According to the World Bank, global economic growth is likely to contract by two percent this year. With export markets shrinking, many have questioned whether China’s domestic economy can supplement the revenue gap.
The ninth debate in Carnegie's "Reframing China Policy" debate series, focused on China's financial sector
After thirty years of economic reform, China has achieved an unprecedented level development. But significant economic and political challenges lie ahead for the Chinese Communist Party.
The financial crisis presents China with an opportunity to replace closed factories with a cleaner high-technology industrial sector.
To rekindle growth, Beijing needs more than just an economic stimulus; it must give its people a voice so that they are free to consume.
China’s transition from an economy fueled by exports to one that relies on domestic consumption will require a transformation of its most basic economic institutions and the creation of a much larger social safety net — a process that will take many years.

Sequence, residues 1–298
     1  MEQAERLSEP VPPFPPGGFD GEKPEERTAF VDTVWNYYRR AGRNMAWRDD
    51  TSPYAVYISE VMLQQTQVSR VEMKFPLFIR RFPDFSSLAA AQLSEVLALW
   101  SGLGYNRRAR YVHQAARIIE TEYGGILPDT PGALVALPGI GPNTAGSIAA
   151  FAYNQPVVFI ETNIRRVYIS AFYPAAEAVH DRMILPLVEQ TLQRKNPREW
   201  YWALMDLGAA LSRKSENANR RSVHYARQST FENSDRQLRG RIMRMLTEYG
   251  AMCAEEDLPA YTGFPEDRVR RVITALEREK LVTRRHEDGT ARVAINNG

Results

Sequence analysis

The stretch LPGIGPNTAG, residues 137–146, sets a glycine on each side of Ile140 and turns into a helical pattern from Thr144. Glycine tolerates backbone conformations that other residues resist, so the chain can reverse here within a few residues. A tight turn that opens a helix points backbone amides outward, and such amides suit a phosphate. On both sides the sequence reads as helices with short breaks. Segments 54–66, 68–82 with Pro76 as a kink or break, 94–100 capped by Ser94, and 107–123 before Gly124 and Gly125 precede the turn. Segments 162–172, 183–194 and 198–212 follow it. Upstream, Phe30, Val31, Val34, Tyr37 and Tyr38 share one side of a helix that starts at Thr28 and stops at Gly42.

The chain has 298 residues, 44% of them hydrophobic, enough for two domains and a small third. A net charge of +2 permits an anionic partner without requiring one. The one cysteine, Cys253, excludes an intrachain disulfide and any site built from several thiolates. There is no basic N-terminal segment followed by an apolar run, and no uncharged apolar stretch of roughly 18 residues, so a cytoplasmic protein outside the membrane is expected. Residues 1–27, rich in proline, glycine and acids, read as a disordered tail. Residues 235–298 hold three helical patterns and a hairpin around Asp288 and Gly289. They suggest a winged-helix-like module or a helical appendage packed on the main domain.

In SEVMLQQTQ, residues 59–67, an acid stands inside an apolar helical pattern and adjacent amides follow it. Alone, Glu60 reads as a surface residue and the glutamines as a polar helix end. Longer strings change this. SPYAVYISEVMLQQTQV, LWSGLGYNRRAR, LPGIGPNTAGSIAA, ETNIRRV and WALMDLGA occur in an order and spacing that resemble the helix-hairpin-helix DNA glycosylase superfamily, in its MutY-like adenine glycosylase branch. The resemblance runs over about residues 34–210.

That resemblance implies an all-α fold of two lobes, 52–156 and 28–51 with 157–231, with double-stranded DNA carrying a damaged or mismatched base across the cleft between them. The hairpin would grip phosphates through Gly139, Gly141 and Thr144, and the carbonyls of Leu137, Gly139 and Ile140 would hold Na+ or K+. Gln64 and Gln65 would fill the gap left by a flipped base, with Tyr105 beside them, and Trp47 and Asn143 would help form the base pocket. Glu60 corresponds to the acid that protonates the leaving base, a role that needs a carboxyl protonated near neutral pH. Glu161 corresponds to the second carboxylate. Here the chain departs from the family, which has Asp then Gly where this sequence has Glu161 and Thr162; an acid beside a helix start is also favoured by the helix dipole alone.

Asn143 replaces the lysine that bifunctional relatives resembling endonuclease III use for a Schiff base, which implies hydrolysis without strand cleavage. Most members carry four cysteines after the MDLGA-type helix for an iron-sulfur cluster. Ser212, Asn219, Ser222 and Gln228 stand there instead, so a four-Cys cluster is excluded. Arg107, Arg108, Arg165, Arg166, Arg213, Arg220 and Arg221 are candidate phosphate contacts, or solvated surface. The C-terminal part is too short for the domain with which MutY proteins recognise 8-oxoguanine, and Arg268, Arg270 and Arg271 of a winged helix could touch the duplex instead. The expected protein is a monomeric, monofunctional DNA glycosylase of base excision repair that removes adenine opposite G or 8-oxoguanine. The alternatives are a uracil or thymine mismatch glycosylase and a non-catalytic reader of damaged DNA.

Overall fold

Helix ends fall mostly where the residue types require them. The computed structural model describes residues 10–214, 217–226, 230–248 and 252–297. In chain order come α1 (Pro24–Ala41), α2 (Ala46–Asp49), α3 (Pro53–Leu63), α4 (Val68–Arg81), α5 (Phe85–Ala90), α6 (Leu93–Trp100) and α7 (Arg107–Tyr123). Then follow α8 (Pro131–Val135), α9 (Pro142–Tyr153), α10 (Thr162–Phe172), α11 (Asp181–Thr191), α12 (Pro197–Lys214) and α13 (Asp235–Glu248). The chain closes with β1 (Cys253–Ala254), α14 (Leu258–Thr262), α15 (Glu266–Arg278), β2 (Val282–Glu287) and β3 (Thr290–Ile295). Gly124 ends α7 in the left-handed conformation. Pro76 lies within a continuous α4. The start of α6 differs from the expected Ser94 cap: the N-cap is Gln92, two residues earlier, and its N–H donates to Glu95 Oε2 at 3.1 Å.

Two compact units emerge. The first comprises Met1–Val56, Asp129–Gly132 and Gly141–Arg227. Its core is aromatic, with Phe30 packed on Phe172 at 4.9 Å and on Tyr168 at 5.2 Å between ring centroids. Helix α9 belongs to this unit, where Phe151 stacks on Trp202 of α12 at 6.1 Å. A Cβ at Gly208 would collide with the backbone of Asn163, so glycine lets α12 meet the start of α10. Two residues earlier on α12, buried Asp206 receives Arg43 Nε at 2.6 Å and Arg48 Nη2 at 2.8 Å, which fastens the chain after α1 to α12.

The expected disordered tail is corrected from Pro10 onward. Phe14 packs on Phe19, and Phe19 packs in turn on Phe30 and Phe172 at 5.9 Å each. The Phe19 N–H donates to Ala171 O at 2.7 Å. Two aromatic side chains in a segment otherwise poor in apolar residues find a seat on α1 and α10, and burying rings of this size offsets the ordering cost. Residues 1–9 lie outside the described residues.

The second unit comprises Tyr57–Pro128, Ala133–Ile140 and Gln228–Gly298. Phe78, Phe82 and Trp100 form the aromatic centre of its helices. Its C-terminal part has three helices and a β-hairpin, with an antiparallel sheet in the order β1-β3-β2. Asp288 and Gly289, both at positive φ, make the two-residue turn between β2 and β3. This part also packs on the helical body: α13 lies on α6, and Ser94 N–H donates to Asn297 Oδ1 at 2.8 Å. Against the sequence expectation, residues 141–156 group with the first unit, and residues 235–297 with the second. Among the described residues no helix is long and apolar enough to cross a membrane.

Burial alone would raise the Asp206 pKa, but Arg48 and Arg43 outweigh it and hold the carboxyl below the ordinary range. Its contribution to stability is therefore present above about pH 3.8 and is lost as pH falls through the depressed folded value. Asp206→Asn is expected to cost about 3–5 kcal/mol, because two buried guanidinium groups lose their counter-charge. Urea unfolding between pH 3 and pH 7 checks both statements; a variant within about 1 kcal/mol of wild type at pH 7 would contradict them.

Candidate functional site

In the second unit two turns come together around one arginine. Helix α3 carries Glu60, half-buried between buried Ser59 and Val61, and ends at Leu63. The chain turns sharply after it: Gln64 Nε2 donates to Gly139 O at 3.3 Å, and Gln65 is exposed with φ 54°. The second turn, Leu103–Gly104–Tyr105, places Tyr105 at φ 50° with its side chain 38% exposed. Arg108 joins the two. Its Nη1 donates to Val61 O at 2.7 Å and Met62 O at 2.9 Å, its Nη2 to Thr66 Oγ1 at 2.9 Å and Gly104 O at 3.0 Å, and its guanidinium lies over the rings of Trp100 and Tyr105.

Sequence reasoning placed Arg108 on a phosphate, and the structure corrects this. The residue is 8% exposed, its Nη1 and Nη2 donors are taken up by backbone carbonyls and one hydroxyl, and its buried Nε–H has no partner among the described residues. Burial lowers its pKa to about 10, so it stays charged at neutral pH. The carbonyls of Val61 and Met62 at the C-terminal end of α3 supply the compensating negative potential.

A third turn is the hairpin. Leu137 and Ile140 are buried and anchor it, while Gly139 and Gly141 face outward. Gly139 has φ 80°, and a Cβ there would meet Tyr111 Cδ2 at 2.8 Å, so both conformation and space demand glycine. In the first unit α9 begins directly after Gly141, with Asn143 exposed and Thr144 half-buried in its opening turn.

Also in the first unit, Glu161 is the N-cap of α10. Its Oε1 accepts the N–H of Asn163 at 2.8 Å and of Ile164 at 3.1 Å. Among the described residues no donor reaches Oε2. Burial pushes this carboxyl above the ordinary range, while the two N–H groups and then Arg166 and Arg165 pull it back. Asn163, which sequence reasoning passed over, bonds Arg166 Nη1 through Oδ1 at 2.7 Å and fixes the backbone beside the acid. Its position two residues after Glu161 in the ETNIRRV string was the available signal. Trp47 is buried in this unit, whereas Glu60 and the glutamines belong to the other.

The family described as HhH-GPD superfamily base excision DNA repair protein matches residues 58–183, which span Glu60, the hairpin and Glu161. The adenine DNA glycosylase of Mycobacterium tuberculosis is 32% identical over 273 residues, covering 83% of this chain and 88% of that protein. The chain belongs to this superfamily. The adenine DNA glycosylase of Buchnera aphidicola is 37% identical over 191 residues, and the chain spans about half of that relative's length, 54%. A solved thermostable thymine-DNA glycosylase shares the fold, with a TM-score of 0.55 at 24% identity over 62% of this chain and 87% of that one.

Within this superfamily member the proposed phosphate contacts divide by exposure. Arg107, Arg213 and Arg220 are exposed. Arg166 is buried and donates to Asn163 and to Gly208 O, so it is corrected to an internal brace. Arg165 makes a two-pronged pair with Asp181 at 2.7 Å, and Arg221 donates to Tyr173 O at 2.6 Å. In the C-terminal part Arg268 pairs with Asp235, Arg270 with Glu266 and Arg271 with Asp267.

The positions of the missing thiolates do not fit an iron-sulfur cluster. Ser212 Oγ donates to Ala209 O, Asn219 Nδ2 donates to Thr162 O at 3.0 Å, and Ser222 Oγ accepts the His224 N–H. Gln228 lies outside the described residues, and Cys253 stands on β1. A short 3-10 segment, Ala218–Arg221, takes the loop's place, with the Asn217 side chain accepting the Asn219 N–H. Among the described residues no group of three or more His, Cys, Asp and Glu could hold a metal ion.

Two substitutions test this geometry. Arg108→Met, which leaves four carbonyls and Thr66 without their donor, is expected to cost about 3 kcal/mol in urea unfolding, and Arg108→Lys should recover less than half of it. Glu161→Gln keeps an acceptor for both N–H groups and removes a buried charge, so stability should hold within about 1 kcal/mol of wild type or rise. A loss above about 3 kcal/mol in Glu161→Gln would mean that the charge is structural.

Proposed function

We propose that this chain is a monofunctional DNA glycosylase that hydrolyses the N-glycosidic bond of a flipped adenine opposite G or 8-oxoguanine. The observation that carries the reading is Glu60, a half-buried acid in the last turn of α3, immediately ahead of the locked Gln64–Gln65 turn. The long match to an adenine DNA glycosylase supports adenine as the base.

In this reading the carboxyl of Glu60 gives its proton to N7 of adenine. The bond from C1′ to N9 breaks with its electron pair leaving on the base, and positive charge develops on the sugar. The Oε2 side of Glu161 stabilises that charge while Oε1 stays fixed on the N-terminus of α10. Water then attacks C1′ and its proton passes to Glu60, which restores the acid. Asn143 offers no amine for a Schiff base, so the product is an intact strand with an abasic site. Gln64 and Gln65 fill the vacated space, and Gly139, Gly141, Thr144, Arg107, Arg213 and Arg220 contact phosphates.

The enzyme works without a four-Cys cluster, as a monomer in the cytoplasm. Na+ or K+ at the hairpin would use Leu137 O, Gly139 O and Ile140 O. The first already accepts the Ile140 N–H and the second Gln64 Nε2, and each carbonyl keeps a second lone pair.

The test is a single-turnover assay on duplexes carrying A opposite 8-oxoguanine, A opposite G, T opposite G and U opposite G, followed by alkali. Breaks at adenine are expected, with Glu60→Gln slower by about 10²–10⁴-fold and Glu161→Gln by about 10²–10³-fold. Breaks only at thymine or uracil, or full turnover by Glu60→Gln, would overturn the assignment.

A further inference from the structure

China wants to look like a leader at the G20 summit by highlighting the extent of its stimulus package ($586 billion) as well as the relative health of its financial system.
China's faltering economic growth is posing the hardest test yet to the resilience of the Chinese Communist Party.
Drops in Chinese export figures and declines in world GDP suggest there will not be an economic recovery in the fourth quarter of 2009. The upcoming G-20 meeting must focus on halting the contraction as opposed to reforming the financial architecture.
An examination of the current structure of China's healthcare system, the obstacles that the regime must overcome to achieve universal healthcare, and the competing proposals for improving it.